Perhaps this is the ultimate problem with boards like this with such a long history. Opinions and positions posted 15 years ago are held to mean something today.

... hopefully most of us old guard are very different people, often with polar opposite opinions, after all this time.


You've both held to very different opinions regards tjq than you do now. Some of us have had the same ideas, opinions and approach since before EF while you guys have slowly co-opted the language and assimilated the ideas that you used to argue against.

Golly! Imagine of one of you had written a book or magazine article fifteen years ago, with the pretense of authority. Could it be held to mean something today?

Are you guys all done going polar opposite with your respective opinions and understandings of tjq? Let's watch and see...
Appeals to authority is why we can't have nice things
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Re: Tai Chi Fighting Strategy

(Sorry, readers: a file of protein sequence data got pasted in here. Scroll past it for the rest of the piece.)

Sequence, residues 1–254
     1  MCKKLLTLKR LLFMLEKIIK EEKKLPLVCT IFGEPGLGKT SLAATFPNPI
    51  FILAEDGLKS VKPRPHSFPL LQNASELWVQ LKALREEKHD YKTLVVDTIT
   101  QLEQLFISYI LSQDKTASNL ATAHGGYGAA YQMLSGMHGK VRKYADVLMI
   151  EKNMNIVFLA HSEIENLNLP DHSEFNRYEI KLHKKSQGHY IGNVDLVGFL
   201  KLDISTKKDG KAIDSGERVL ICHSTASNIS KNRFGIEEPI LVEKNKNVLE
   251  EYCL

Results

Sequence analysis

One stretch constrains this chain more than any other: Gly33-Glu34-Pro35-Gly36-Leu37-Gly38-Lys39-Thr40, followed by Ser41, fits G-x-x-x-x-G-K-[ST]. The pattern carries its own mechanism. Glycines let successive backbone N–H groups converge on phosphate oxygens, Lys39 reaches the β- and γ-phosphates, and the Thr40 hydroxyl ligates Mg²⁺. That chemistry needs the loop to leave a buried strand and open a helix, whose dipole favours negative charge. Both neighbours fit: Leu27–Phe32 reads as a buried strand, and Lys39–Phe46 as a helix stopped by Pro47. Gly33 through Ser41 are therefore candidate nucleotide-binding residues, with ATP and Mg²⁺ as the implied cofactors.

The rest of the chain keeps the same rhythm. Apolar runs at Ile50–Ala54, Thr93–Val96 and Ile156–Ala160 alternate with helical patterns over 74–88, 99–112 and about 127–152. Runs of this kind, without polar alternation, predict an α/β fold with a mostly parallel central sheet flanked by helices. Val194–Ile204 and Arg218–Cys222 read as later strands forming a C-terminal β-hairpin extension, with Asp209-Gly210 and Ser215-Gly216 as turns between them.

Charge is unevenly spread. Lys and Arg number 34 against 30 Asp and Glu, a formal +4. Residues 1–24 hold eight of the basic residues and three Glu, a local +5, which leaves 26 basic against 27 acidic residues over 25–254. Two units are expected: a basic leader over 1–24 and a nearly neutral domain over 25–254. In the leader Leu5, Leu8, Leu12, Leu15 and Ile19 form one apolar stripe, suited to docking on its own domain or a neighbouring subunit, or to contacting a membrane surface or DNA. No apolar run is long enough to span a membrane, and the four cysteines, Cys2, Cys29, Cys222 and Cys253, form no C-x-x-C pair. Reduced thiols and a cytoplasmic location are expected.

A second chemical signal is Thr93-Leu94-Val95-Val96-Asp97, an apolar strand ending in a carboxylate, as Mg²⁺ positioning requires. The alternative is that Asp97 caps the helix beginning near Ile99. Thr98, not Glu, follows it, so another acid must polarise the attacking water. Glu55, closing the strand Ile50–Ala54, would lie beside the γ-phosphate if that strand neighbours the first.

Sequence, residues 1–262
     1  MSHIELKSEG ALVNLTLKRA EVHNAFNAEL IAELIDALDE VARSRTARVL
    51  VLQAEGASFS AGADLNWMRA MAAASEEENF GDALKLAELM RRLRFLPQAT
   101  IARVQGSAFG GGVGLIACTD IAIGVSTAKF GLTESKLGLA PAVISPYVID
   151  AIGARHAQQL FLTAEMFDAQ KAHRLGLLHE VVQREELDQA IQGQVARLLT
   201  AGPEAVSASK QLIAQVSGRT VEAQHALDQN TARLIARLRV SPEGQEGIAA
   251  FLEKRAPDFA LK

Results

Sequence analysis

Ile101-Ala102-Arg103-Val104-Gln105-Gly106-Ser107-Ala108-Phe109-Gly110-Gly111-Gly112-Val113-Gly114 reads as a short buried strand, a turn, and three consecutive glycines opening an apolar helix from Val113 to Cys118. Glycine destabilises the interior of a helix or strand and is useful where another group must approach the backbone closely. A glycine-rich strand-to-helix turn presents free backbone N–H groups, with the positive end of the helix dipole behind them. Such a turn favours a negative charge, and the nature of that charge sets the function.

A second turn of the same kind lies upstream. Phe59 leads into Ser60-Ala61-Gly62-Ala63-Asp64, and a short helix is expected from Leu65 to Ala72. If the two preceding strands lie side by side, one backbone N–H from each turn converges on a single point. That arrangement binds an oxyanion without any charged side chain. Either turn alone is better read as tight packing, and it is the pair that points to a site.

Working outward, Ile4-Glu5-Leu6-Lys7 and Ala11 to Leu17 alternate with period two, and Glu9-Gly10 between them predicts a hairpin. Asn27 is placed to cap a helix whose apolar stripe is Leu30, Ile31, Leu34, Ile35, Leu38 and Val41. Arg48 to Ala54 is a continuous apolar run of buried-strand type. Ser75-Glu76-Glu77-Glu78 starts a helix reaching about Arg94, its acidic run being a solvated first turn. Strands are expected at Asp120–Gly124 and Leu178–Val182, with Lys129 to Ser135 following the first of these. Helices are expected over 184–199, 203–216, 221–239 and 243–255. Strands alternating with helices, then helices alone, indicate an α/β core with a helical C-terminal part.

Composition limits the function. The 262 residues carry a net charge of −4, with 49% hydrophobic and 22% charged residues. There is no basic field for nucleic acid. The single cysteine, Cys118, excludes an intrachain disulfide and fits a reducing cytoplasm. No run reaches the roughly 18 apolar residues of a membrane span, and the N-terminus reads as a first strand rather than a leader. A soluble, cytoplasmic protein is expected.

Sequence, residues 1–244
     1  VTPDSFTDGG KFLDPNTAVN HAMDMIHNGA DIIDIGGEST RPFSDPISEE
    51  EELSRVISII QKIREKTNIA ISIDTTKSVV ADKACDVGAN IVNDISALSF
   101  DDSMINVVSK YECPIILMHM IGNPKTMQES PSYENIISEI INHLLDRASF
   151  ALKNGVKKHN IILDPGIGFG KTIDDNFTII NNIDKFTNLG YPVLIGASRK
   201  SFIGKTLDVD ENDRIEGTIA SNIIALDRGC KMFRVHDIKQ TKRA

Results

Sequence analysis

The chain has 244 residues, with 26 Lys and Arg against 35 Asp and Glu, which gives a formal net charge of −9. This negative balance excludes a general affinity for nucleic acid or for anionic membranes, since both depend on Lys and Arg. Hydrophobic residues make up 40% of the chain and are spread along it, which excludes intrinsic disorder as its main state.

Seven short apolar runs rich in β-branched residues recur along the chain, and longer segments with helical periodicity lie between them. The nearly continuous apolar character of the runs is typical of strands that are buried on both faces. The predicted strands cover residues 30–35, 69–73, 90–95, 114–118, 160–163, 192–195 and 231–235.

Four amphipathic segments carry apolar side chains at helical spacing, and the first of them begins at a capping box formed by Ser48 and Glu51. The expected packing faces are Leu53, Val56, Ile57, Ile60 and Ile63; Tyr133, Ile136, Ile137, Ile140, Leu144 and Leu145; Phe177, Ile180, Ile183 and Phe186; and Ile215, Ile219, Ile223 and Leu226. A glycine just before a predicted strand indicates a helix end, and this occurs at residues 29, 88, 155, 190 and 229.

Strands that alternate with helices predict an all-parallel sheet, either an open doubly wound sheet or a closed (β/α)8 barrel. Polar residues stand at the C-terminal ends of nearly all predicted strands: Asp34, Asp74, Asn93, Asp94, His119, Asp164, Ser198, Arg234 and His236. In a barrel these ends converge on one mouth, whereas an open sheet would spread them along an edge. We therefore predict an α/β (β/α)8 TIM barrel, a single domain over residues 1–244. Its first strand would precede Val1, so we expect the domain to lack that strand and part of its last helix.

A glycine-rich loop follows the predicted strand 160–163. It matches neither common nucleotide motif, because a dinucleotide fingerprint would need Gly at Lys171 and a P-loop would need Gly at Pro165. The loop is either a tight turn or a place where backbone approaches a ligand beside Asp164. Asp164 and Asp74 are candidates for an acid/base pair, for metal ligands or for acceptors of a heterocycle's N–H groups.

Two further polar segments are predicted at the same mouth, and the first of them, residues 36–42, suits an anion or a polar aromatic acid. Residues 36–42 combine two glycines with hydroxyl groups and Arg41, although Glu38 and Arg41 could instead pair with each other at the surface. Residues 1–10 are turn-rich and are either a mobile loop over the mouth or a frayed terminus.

Postby middleway on Tue Oct 02, 2018 2:07 am

Golly! Imagine of one of you had written a book or magazine article fifteen years ago, with the pretense of authority. Could it be held to mean something today?


No it couldn't. For instance, do you look at old published scientific studies that are now outdated or proven false, and hold the scientists who wrote them to those old studies? That viewpoint is truly ridiculous under scrutiny.

You've both held to very different opinions regards tjq than you do now. Some of us have had the same ideas, opinions and approach since before EF while you guys have slowly co-opted the language and assimilated the ideas that you used to argue against.